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Five string basses with thumbrests

Discussion in 'Basses [BG]' started by appler, Mar 9, 2006.

  1. appler

    appler Guest

    Does anyone play a five string bass with a thumbrest? I'm talking about the ones that Fenders used to have. I like the feel of resting my thumb on something more solid than the low B string and I'm curious if anyone else feels the same way. I've only seen these things on four string basses, though. Can anyone chime in on the subject? Pros, cons, etc? Thanks!

    Here's a picture of a Fender American Vintage '75 Jazz with the thumbrest on the E string side.
  2. Tony G

    Tony G

    Jan 20, 2006
    Have you ever tried resting your thumb on the pickups? That is what I do usually.
  3. appler

    appler Guest

    Yes, but I prefer the sound when I pluck closer to the neck a la 70s Fender thumbrest position.
  4. Tony G

    Tony G

    Jan 20, 2006

    I understand. I don't see why you can't install one yourself to any bass you want. If you aren't comfortable drilling the holes into the pick guard and bass, I'm sure you can find some one who will.
  5. appler

    appler Guest

    I don't have a problem installing it; I'm just curious as to why I've never seen it before on a five string bass. Perhaps there's a technique thing I'm overlooking? Thanks for the help, man.
  6. Tony G

    Tony G

    Jan 20, 2006

    No, I'm pretty sure the only reason you don't seem them is because most bassists don't use them anymore, or just take them off as they have done all along, including the chrome pickup covers and ash trays of days past. You can still buy these parts and install them yourself if you like, but since most people don't want them these days, they don't include them stock anymore.
  7. Tony G

    Tony G

    Jan 20, 2006
    Here is a pic of a KSD-705. It is a vintage reissue style, but no thumb rest. But it does look as though the screws for the pickguard were placed as if you could just put a thumb rest there.


    This TB member is selling that same bass for $500: http://www.talkbass.com/forum/showthread.php?t=230453
  8. pilotjones

    pilotjones Supporting Member

    Nov 8, 2001
  9. Dr. Cheese

    Dr. Cheese Gold Supporting Member

    Mar 3, 2004
    Metro St. Louis
    For many five players, the b string is a de facto thumb rest. That may be all you need.:bassist:
  10. chaosMK


    May 26, 2005
    Albuquerque, NM
    Hi-fi into an old tube amp
    I thought that was what the B string was for.
  11. Chef

    Chef Moderator Staff Member Supporting Member

    May 23, 2004
    Columbia MO
    Staff Reviewer; Bass Gear Magazine
    This is what I do with my 5's.
    I think.
    I don't notice it much. I know that's what I tell guys who've not played a 5 string to do..."use the B string as your thumbrest, and just ignore it til you get used to it."
    I suppose I make the shift from thumbrest to playable string without thinking about it anymore.
    I see no reason not to screw on a Fender style thumbrest though...
  12. frigo

    frigo burn in hell!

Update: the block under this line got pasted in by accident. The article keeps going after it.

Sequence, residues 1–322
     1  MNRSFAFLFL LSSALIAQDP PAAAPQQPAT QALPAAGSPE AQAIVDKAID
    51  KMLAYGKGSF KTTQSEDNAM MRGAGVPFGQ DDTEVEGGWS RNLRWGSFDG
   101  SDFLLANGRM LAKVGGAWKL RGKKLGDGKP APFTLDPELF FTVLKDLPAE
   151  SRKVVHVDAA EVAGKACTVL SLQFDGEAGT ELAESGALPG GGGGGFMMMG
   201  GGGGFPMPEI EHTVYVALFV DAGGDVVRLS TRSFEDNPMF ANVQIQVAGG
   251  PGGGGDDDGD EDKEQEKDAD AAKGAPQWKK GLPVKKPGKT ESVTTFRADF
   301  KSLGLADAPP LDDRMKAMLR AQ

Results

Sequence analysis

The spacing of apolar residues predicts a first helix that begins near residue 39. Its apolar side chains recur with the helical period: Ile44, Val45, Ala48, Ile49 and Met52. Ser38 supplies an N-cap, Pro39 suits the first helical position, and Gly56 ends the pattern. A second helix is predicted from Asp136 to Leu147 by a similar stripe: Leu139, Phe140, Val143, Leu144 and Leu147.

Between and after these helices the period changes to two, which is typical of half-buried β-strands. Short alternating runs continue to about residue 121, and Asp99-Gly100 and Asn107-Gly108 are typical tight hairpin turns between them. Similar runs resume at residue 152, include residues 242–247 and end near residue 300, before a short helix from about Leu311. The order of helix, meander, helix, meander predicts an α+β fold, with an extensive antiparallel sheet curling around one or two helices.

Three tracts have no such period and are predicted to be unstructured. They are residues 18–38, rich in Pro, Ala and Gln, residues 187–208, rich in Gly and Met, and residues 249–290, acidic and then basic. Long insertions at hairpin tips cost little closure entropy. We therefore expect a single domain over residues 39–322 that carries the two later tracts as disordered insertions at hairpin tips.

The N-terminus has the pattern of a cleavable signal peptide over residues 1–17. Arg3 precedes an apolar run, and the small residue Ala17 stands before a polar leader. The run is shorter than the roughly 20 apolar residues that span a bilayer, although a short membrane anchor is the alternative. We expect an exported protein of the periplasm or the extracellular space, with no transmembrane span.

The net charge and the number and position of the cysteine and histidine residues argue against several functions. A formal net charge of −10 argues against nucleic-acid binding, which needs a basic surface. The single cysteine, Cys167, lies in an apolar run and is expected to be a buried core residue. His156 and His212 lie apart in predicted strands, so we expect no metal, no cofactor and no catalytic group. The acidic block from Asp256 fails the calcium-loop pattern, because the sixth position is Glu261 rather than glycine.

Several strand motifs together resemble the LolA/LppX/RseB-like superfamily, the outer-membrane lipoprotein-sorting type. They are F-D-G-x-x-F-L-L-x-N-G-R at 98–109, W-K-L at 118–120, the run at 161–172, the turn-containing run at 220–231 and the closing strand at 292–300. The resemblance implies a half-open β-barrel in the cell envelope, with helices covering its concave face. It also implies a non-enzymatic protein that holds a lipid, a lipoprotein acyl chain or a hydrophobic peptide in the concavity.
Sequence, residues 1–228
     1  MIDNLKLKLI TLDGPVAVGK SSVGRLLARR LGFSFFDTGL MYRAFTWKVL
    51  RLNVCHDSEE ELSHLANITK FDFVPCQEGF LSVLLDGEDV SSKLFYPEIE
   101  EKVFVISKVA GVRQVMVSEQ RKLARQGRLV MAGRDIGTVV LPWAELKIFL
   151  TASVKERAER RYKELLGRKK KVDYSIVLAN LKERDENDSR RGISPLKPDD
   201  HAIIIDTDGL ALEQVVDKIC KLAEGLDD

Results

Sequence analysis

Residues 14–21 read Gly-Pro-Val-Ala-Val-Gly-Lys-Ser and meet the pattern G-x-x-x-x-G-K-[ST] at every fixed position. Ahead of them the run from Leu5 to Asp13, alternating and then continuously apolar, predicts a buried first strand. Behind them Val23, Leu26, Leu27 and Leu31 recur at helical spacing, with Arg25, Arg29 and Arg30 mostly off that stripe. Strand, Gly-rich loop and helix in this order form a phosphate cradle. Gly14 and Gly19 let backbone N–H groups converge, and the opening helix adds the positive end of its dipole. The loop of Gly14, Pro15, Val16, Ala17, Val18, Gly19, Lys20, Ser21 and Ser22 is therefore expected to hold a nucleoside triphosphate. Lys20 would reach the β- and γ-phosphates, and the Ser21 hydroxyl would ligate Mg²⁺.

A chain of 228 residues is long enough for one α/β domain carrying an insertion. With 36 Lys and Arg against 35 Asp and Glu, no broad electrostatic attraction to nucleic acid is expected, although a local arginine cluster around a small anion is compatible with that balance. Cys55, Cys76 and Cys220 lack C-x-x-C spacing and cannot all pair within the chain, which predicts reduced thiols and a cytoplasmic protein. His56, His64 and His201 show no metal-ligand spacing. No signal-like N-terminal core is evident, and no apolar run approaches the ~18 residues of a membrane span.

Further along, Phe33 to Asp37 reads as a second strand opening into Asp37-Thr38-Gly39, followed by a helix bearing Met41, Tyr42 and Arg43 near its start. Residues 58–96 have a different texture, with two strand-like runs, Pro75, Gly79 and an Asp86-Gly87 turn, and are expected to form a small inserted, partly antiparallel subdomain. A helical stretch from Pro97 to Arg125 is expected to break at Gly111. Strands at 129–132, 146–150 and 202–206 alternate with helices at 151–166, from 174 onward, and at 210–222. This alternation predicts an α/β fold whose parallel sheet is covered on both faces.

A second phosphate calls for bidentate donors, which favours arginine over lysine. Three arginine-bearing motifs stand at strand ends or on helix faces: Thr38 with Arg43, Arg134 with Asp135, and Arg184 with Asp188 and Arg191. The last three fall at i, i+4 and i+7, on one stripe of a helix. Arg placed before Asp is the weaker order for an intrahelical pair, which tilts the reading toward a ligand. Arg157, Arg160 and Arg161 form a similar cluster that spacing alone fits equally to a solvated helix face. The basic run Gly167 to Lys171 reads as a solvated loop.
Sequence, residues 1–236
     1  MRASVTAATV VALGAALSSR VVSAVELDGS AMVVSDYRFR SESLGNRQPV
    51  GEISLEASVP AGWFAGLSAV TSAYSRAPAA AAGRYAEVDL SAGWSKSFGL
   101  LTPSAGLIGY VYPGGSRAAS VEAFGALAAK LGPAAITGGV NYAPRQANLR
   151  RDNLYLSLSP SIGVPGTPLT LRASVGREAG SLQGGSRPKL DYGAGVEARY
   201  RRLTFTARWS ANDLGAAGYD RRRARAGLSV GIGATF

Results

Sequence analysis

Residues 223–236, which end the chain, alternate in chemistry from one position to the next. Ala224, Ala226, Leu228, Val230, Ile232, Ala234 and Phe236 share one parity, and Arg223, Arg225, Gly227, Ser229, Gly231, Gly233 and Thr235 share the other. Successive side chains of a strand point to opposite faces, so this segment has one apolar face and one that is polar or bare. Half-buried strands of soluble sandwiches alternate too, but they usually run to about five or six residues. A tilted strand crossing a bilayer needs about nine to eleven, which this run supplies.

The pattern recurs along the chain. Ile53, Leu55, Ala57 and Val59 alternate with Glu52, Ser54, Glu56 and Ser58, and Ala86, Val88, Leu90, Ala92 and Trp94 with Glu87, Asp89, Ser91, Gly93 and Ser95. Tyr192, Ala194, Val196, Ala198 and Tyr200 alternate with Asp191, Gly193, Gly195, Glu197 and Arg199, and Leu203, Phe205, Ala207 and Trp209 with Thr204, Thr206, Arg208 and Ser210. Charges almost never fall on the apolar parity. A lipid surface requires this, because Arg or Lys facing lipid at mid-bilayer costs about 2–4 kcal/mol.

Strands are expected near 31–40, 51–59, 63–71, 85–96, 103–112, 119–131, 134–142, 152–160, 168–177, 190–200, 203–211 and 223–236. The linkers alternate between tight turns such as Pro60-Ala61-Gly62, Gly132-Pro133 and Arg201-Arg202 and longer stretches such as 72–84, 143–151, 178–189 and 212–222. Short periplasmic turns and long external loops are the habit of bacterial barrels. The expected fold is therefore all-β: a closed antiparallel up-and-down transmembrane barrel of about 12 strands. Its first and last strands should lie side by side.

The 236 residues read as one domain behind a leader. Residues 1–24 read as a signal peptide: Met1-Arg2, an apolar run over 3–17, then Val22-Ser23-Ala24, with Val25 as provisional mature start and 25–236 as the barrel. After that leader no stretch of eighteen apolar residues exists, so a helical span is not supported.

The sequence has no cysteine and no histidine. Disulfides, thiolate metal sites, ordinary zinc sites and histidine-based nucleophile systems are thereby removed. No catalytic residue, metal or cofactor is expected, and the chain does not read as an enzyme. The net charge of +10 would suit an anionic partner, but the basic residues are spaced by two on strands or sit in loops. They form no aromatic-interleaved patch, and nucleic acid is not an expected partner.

Dec 8, 2003
    i normally rest my thunb on the E string and mute the B with the thumb nail side (unless i don't nees these strings of course).
  13. Tony G

    Tony G

    Jan 20, 2006
    Am I the only one that uses the pickups as a thumb rest???
  14. pilotjones

    pilotjones Supporting Member

    Nov 8, 2001
    I think most people do. Wear marks on used basses support this, IME.
  15. Tony G

    Tony G

    Jan 20, 2006

    That is what I thought... Its just that nobody else was chiming in about it. I can't stand having my thumb resting on a string.
  16. Dan Knowlton

    Dan Knowlton Sarcasm: Just ONE of the many services I offer! Supporting Member

    Aug 12, 2002
    Palm Coast, FL
    I do use both the B-string and the pickup as thumb rests but am trying to improve my muting by floating my thumb across the strings as I play. It is working better as I get used to it but I still have a way to go.

    The nicest "thumbrest" I have used was the one carved on the Acacia I used to have. It came straight back from the end of the fretboard almost to the bridge and was the same height as the pickup, contouring into the body on the pickup side. Really slick!

    Dan K.
  17. john keates

    john keates

    May 20, 2004
    I glued a thumbrest in-beteween my pickups because there is a spot on the B string that I like to dig into and there was a song where I was playing that note a lot.

    I scraped the varnish off that area first then just used wood glue and then varnished over the top.

    Then I thought it was nice enough that I did it on my 4string jazz also.

    I don't know why this isn't a standard thing on a bass... I guess it is because the playing style hadn't been worked out at the time of the instruments conception.
  18. Nova


    Apr 19, 2002
    Williamstown, WV
    Nope. I either rest on mine on the pickups or the B-string.
  19. west*coast*bass

    west*coast*bass Supporting Member

    Dec 6, 2003
    Agoura Hills, CA

    +1. It's a very inexpensive addition to any bass. You might as well install one on a favorite.
  20. :cool: I have a Squier Standard P-Bass-5 Special, or whatever the convoluted name is. Anyway, I use a plain old plastic Fender thumbrest. I can't stand resting my thumb on the strings, edge of the pickguard, or on the pickups; the pickups are the worst for me. Most pickup edges are sharp enough that by the end of a set, my thumb hurts.

    I've been using thumbrests, or finger-rests/tug-bars, on my basses since 1962. I like 'em. The're comfortable and don't look bad at all, at least not to me and that's what counts.

    If you want one, Musicians Friend has 'em quite cheap.

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